“We would always encourage them to get treatment, but they can elect not to do that,” he said.

Then last year, EMS also began distributing naloxone after an overdose reversal, but there was always concern for those folks who chose not to seek further treatment.

Now, EMS in Wake County is taking a new approach with the rapid response peer support team.

Currie said this 24-hour later follow-up with peer support specialist is the first program of its kind in the country.

“The most vulnerable population is that which gets Narcan (a brand of naloxone) in the community but doesn’t go to the hospital,” he said. “They are not getting any type of resources at all. So that’s where we started.”

Every morning, EMS staff use software that identifies people who were treated with naloxone the day before but didn’t go to the hospital. The names and phone numbers are shared with Musa and Kiley who often reach out over text. The two also go out with EMS to the patient’s residence to make that first in-person connection.

“EMS serves as the vessel to find the population and get the folks who are trained to deal with the peer support,” Currie said.

Building relationships

Musa and Kiley often start building relationships with people through text messaging. The goal is to build trust. After that, they work with the person to meet their needs and find out what kind of services they would like.

Intervening right after an overdose can be difficult because people are not always thinking clearly, Musa said. But 24 hours later is a good call.

A grab bag with cottons, cookers, alcohol wipes, syringes and a list of treatment resources put together by North Carolina Harm Reduction Coalition. Photo credit: Taylor Knopf

“Some people… that will be their breaking point,” she said. “There will be people who say, ‘I don’t want to do this again. I was almost dead.’”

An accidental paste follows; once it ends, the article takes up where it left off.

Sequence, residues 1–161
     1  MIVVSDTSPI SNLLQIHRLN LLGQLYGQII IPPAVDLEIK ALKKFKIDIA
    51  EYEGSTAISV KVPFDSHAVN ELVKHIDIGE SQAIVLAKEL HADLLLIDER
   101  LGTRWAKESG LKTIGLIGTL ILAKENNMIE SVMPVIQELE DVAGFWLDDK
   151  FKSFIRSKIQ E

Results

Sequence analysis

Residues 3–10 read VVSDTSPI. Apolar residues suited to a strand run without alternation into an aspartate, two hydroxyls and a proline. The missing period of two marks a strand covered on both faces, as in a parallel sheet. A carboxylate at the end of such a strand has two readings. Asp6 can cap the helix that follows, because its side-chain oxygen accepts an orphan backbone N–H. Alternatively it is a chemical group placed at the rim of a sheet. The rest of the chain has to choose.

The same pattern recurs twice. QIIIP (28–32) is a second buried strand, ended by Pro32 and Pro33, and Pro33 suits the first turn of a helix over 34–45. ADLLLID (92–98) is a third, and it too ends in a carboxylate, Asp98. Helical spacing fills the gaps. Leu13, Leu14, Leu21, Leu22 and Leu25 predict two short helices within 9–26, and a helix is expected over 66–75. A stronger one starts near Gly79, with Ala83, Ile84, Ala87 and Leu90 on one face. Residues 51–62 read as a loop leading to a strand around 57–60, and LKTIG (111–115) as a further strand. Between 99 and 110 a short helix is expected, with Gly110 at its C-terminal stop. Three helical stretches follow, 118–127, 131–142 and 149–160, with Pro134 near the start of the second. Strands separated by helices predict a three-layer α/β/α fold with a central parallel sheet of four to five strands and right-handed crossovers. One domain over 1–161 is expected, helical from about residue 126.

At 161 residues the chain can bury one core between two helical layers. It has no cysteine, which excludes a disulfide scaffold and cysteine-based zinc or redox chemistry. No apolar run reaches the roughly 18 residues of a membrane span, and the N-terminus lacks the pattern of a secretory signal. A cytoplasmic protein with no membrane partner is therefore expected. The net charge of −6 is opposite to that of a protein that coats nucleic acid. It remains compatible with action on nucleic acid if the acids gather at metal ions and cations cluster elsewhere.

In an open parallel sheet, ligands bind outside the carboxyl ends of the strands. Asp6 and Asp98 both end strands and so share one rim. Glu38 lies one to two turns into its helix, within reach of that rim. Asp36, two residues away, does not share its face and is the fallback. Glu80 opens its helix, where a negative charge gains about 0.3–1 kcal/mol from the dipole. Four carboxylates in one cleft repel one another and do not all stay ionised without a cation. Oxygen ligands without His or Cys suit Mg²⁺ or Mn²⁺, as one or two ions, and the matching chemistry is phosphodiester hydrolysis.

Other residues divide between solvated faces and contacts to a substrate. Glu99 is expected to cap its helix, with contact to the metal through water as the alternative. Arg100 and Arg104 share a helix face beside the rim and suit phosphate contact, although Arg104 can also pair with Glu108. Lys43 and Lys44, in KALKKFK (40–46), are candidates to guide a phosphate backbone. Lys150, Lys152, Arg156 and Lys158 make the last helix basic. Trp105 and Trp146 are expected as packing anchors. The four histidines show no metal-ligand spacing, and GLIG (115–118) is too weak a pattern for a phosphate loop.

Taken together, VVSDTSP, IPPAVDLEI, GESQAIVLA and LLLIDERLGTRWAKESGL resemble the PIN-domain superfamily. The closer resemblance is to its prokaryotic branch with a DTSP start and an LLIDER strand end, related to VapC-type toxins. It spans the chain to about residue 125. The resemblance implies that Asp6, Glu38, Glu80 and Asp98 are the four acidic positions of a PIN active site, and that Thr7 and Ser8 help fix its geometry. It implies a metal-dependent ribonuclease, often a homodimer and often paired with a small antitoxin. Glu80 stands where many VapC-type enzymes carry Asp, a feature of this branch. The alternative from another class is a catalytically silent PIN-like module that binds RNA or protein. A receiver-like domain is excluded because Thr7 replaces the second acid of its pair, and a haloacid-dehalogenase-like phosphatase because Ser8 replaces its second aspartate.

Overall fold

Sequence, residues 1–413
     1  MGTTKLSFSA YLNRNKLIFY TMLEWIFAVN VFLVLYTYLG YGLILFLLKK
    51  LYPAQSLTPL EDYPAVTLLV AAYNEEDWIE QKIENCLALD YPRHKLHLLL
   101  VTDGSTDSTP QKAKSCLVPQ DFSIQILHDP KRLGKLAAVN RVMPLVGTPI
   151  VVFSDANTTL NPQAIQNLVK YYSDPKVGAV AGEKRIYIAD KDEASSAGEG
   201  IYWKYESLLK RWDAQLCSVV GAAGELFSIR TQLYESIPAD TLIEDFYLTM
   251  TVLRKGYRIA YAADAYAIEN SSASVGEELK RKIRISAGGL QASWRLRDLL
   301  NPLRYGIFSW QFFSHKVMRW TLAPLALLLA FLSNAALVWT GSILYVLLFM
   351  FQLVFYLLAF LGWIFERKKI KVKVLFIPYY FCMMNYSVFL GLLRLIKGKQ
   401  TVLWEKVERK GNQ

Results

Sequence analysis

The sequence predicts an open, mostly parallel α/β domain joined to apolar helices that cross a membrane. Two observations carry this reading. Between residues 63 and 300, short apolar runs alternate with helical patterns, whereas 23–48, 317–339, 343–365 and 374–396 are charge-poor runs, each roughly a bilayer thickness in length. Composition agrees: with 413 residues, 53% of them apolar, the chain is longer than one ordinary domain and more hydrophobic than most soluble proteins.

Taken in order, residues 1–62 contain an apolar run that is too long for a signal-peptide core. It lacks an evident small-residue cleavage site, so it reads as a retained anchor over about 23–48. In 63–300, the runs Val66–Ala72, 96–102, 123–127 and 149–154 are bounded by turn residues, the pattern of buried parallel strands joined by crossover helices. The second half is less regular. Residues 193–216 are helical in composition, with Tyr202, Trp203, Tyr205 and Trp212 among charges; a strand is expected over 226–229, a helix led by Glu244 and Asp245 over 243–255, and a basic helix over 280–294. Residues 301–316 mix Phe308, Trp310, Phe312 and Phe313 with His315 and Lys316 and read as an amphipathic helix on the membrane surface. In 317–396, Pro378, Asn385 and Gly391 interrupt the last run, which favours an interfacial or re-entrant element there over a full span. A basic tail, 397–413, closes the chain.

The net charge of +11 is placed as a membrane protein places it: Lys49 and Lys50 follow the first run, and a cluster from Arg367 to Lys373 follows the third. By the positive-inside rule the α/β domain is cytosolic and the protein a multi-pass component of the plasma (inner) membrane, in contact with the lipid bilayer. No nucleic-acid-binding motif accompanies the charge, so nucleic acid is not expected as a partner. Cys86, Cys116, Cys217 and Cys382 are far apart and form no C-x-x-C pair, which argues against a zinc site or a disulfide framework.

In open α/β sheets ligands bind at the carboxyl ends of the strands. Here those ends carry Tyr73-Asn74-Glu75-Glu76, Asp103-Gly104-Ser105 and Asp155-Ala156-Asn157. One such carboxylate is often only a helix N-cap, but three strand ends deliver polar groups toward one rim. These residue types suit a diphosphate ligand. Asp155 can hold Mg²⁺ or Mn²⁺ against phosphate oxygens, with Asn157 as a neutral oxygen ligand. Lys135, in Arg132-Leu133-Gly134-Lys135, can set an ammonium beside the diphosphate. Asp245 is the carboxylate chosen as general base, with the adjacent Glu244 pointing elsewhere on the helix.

Musa said her phone lights up all day and night with messages from between eight and 15 people who need her. Some days, Musa said she would like to throw her phone in the ocean because she never stops working.

The Wake coalition applied for money to expand the program through some new state-funded grants made available to fight the opioid epidemic in communities.

“We see what they’re willing to do and try to link them to those services,” she said. “Then when there’s some level of stabilization, you have to be able to hand them off. All in that time, you have to build trust. I have to let them tell me what’s going to work and hopefully they will attempt something.”

Kiley echoed that sentiment, saying he always assures people he’s not there to tell them what to do.

“That never works and puts people on guard,” he said. “I’m in recovery, and I was homeless. When people told me what to do, I shut down.”

“Some people feel so lonely. They can’t trust anybody and they’re actively using to the point where they ran their friends and family away,” Kiley said. “It’s important to have someone there who is understanding, compassionate and not judgmental.”

‘The potential of people’

Musa said she often ends up being a listening ear. She’s currently building a relationship with a couple who are living in a tent off Capital Boulevard and using heroin and meth.

When they use, Musa said most of their conversation makes no sense. But she just listens. And one day, the woman said, “Thank you for advocating for me.”

“I believe in the potential of people,” Musa said. “I know because of what I’ve been through. And it doesn’t look the same for everyone.”

These are very personal issues for Musa. “I’m really big on trying to build the core of the person up,” said Musa, adding that sex workers and drug users typically have a lot of fear and self-esteem issues.

“I remember being out there and thinking, ‘How the hell am I going to get out of this?’” she said.

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Taylor Knopf

Taylor Knopf writes about mental health, including addiction and harm reduction. She lives in Raleigh and previously wrote for The News & Observer. Knopf has a bachelor's degree in sociology with a...